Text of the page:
Return type _Cdecl

Question:
I have seen that in many of the header files in C++ the return type is _Cdecl. For example, in complex.h, we have the following:

     friend complex _Cdecl acos(complex&)

What does _Cdecl mean, and how can we use it in our programs?

Answer:
Although it may look like it, _cdecl does not specify a return type. It specifies that the function uses the C calling convention, the default for C and C++ programs.

Calling conventions specify how the compiler generates code to call a function. For example, the C calling convention specifies that arguments are pushed onto the stack in reverse order and that the caller is responsible for restoring the stack. The _stdcall calling convention, which is used by Win32 API functions, specifies that the called function must restore the stack.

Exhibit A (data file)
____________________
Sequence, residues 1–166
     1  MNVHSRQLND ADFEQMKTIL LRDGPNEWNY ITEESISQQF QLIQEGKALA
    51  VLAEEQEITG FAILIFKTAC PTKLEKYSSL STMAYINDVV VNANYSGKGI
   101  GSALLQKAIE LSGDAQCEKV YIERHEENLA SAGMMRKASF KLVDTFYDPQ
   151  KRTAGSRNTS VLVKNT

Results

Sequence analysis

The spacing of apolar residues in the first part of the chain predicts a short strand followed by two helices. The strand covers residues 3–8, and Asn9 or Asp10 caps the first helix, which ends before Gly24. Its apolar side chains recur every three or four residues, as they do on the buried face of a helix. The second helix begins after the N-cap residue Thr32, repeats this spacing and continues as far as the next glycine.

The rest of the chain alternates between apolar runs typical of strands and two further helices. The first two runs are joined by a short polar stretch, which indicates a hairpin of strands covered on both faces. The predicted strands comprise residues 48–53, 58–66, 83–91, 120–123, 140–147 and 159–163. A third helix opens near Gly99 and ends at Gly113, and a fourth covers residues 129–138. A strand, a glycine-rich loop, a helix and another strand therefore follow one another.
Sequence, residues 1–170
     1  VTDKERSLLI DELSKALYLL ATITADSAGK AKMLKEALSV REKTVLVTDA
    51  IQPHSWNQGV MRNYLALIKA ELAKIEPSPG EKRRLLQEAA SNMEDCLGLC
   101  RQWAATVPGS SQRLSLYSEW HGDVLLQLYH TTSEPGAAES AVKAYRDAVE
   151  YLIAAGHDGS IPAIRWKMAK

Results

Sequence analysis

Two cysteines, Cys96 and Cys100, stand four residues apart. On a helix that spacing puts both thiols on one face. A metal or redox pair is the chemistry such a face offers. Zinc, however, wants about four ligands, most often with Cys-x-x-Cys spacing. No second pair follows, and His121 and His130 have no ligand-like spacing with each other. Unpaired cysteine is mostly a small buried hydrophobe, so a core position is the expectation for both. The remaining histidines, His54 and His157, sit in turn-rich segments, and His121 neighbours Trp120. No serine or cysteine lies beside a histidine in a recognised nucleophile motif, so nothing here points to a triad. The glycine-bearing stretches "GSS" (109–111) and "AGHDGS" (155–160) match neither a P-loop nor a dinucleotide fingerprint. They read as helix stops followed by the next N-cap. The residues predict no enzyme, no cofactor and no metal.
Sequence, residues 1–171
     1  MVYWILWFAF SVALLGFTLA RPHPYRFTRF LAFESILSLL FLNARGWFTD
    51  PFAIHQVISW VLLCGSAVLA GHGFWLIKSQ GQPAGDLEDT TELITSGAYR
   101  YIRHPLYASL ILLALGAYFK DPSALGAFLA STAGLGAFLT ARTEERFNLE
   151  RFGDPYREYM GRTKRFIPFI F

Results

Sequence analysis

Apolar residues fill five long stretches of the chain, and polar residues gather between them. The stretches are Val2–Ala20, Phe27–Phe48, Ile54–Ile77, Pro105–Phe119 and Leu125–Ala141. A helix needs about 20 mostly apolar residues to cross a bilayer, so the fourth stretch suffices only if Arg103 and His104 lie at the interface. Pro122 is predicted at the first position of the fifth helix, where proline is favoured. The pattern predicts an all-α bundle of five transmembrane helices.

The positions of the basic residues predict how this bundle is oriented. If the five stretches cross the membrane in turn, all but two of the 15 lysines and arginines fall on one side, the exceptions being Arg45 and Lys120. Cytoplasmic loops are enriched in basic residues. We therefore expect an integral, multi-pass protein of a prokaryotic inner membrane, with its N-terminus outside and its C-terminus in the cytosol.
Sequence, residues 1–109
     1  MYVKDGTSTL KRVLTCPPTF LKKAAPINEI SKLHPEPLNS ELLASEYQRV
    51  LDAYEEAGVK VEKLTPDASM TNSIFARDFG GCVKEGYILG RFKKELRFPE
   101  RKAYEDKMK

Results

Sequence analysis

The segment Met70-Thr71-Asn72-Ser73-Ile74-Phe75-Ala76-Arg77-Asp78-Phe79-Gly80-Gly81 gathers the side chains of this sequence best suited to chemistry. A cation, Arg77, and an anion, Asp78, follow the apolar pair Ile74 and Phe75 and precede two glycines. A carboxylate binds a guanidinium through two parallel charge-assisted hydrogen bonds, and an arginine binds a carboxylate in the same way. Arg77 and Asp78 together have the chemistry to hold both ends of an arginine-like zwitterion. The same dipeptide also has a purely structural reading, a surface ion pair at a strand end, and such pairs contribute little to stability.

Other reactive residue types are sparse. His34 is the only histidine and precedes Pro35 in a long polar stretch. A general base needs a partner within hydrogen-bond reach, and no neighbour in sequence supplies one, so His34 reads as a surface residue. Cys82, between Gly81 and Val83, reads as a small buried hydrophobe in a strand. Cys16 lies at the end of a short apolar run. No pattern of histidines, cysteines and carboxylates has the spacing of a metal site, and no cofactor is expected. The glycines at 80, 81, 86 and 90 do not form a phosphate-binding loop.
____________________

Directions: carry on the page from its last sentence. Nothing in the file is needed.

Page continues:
Although it really doesn’t matter which calling convention you use, it is critical that the calling code uses the same calling convention used by the function you are calling. Normally, you won’t need to worry about this. Simply use the declarations provided by anyone who writes functions that you call. However, because some systems support functions with different calling conventions, you will sometimes see the calling convention specified in the declarations.

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